The agency sent letters to more than 10,000 taxpayers in July telling them to correct prior tax filings due to virtual currency transactions, and the agency provided additional guidance on cryptocurrencies in October.

This guidance does not go far enough, according to eight members of Congress who sent a letter to the IRS in December. They want more from the agency on retirement accounts with crypto assets, interest paid on crypto deposits, and crypto futures products.

The Digital Chamber of Commerce, which represents many of the industry’s biggest players, also wants more from the IRS on how to report crypto transactions, especially in light of that new question on its forms, its chief policy officer, Amy Davine Kim, told CQ Roll Call.

Jurisdictional issues

Other lawmakers are moving to settle lingering jurisdictional issues by establishing which digital assets will be deemed securities, which ones will be deemed commodities and how stablecoins, which are linked to more traditional assets, should be regulated.

A draft bill from Rep. Paul Gosar, R-Ariz., would answer some of these questions. Any debt, equity or derivative that relies on a distributed ledger, such as blockchain, would fall under Securities and Exchange Commission jurisdiction only, according to a draft.

Gosar’s staff confirmed to CQ Roll Call that he is working on a final version, which may be introduced within weeks. 

His bill would also resolve what regulators worldwide say is uncertainty for digital coins backed not by fiat currency but by assets. Under the Gosar draft, the SEC would have authority over all stablecoins. Gosar is not a member of the relevant committees overseeing these financial agencies.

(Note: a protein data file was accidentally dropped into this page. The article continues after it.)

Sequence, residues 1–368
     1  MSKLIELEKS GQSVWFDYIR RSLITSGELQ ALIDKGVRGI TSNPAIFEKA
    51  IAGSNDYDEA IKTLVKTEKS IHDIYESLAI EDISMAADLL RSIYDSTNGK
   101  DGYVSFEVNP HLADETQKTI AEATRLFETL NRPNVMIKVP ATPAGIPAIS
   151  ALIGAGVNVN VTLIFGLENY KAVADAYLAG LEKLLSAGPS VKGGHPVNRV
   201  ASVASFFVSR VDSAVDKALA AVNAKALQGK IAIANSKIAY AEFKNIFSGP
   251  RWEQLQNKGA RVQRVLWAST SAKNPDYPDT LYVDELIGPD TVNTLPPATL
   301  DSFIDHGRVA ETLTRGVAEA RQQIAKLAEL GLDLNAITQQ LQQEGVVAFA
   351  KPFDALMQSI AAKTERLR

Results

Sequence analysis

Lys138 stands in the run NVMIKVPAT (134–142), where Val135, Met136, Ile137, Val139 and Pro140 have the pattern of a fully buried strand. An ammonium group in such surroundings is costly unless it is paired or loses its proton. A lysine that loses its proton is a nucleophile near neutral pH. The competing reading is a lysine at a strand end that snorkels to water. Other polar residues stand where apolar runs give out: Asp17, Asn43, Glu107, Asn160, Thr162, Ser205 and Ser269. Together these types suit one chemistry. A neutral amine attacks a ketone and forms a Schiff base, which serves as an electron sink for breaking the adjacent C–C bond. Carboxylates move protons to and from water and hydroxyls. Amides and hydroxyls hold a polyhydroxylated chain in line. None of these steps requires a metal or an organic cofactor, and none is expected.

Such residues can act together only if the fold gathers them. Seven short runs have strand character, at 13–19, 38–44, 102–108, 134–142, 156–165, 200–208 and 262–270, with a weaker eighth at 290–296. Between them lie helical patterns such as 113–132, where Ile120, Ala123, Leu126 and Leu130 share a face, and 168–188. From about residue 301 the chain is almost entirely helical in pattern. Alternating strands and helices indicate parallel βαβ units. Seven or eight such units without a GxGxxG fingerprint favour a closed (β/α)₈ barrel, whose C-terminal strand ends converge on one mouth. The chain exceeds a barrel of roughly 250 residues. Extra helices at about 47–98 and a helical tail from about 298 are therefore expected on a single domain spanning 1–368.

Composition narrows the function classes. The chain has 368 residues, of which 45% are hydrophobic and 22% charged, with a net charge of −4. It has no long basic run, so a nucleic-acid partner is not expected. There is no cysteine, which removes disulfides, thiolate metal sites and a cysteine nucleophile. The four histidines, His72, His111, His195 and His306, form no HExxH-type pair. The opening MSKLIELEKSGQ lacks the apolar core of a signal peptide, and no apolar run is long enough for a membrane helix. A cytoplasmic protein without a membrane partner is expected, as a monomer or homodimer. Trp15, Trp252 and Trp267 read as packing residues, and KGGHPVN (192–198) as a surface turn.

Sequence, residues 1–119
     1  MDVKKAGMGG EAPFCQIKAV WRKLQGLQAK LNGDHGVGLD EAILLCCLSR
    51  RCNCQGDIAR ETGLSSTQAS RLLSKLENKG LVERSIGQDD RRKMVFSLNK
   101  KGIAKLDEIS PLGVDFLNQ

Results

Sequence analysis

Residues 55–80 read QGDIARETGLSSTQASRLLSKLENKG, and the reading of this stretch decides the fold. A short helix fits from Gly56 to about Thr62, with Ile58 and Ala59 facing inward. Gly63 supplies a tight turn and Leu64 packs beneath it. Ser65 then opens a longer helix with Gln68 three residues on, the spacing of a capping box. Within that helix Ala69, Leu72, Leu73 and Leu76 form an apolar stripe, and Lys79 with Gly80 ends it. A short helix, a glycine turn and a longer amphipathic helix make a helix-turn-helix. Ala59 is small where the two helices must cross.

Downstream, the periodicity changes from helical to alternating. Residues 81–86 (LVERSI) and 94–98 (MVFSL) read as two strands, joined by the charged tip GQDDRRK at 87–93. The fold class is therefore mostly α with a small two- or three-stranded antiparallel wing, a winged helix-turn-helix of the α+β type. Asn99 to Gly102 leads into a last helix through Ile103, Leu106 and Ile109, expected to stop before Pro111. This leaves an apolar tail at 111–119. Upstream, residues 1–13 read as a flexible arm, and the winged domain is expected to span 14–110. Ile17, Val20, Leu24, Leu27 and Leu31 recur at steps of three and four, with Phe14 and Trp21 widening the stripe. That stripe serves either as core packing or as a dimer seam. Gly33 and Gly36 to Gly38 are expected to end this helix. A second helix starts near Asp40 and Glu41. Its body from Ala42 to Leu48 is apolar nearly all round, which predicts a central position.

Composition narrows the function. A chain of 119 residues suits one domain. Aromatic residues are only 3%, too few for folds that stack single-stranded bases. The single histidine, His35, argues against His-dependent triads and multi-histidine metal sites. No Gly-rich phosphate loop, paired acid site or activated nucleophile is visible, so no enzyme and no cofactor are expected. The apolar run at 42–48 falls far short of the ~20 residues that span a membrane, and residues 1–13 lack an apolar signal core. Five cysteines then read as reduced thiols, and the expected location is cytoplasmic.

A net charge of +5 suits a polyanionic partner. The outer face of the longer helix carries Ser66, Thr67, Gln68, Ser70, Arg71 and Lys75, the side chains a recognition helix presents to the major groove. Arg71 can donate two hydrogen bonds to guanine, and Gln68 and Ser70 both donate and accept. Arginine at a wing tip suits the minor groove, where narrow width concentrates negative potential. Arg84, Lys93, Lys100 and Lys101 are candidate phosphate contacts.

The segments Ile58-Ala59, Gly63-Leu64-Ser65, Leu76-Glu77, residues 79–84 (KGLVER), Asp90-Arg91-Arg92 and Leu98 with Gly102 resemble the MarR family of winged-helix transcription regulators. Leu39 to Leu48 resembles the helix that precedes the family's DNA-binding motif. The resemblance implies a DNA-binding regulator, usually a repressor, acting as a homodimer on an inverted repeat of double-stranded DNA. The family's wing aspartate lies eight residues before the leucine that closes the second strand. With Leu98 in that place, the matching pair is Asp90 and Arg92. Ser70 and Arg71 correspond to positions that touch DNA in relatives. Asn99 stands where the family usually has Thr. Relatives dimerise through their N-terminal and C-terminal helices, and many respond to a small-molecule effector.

The marketplace would benefit from a clear distinction between the SEC and the Commodity Futures Trading Commission, according to Clark Fonda, co-founder of the U.S. Blockchain Advocacy Partners, a trade association whose advisory committee is chaired by former Sen. Mark S. Kirk, R-Ill. He described the current regulatory environment as the “Wild West.”

In Fonda’s view, the best-case situation is for policymakers to “choose a lane,” he told CQ Roll Call. He said his sense is that Republicans in Congress probably prefer the CFTC over Gosar’s choice of the SEC. 

For change to happen, though, relevant committee leaders of both parties will have to get behind legislation in the Senate and the House, he said. That could be an issue in a year in which Congress is distracted by an impeachment trial, appropriations matters and a national election.

The House already passed two bills designed to study the use of virtual currency by criminals and terrorists. One measure calls for the Homeland Security Department to provide a threat assessment of such use.

Another bill would establish a task force to report each year on the use of virtual currencies by terrorists. It would also offer rewards for those providing the government with information used to convict criminals involved with virtual currencies.

Those bills’ fate is unclear in the Senate. 

Correction 10:38 a.m. | An earlier version of this story misspelled Kristin Smith’s name.